• To modify an existing partition, select the partition in the Disk Partition list and click Update or Edit  .
      3. Under Slice Configuration, select one of the following slice options and then click Next.
        • Any — place the file system on any disk.
        • Disk Slice — place the file system on the slice you specify here, using one of the following formats:
          c<w>t<x>d<y>s<z> — For example: c0t0d0s0
          c<w>d<y>s<z> — For example: c0d0s0
        • Root Disk — Place the system's root disk on the slice (integer) you specify here.
      4. Under Size Options, select one of the following size options and then click Next.
        • Existing — Use the current size of the existing file system.
        • Auto — Determine the size of the file system based on the software you are installing on this server.
        • All — Have this slice use the entire disk for the file system. If you choose All, you cannot place any other file systems on this disk.
        • Free — Use the remaining unused space on the disk for the file system.
        • Specify Size — Set the size of the file system to the value (in MB) that you specify here.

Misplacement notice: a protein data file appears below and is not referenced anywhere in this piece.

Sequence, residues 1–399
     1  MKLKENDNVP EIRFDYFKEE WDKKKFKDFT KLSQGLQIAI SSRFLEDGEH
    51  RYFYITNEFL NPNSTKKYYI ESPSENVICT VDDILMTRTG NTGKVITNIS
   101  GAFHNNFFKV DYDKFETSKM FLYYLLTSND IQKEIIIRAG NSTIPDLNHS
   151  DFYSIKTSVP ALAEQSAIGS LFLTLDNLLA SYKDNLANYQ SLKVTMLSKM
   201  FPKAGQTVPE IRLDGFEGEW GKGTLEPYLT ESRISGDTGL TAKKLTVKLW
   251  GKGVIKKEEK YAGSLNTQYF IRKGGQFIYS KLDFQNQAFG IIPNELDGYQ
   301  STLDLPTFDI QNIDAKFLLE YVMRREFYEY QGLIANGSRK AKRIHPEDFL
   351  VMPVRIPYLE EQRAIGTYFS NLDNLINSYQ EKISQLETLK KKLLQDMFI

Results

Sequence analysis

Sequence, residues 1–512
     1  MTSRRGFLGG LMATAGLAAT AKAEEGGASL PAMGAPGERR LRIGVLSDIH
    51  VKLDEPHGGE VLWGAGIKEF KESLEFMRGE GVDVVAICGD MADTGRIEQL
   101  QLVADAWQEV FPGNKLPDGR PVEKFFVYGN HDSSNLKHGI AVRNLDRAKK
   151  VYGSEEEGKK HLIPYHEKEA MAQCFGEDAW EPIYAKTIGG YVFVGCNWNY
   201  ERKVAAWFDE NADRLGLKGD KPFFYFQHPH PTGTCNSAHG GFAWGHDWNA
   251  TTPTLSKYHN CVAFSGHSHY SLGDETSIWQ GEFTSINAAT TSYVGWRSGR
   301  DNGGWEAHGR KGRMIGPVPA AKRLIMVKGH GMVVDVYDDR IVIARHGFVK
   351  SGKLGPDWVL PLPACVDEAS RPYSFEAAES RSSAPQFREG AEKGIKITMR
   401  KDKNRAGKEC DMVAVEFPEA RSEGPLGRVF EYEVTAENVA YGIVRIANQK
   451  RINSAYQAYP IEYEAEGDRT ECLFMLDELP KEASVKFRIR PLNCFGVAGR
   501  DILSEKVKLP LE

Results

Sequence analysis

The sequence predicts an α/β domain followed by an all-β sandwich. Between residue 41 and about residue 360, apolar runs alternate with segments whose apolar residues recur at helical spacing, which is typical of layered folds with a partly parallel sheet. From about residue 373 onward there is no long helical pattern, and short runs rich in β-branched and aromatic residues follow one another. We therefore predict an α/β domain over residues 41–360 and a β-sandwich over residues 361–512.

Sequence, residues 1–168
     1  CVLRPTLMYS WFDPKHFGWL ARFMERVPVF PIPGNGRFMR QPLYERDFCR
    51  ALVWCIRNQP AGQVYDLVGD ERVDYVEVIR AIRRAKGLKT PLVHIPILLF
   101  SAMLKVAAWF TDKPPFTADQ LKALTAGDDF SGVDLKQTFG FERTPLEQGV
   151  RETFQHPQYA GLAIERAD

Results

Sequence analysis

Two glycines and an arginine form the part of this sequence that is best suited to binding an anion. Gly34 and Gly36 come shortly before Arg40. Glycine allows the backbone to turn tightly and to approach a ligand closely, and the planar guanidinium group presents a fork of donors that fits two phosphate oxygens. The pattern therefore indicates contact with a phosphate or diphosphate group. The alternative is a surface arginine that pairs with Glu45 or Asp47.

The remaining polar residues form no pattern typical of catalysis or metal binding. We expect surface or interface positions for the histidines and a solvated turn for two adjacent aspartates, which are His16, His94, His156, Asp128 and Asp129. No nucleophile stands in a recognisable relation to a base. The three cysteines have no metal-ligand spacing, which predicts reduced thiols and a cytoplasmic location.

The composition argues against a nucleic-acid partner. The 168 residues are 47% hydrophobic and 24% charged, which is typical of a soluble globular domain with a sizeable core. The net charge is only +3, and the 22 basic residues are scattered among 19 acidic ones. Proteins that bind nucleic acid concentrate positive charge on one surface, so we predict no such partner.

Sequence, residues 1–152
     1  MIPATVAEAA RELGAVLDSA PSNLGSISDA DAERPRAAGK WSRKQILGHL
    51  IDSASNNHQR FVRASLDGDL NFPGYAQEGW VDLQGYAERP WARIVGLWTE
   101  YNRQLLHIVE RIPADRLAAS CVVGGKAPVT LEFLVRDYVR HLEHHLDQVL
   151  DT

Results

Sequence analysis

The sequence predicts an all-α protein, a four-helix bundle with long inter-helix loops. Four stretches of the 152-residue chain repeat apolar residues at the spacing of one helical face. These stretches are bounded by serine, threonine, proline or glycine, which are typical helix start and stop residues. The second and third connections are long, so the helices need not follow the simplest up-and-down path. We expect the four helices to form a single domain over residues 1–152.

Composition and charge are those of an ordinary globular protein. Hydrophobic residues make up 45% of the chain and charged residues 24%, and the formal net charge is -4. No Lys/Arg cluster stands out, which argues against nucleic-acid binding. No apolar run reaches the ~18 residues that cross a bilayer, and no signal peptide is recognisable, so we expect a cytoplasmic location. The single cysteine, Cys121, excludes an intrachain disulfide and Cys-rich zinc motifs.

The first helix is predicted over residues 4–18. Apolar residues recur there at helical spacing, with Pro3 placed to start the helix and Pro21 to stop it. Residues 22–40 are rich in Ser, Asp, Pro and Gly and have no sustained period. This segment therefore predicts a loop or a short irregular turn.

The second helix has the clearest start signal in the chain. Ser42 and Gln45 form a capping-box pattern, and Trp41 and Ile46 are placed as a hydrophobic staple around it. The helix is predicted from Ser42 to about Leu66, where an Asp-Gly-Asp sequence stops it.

• Explicit Partition — Partition the file system explicitly, using the format:
          start:size
          where start is an integer specifying the cylinder where the slice begins, and size is the number of cylinders for the slice.
      5. Under File System Settings (Optional), select one of the following optional settings:
        • Swap — Make this slice the swap slice.
        • Overlap — Define this slice as a representation of a disk region.
        • Unnamed — Define this slice as a raw slice without a mount point name.
        • Ignore — Tell JumpStart or AI not to use or recognize this slice.
        • Mount Point — Use this mount point name for the file system, for example /var.
      6. Under Optional Parameters, select one of the following:
        • Preserve — Preserve the file system on this slice.
        • Mount Options — One or more mount options for the mount point name you specified in Mount Point.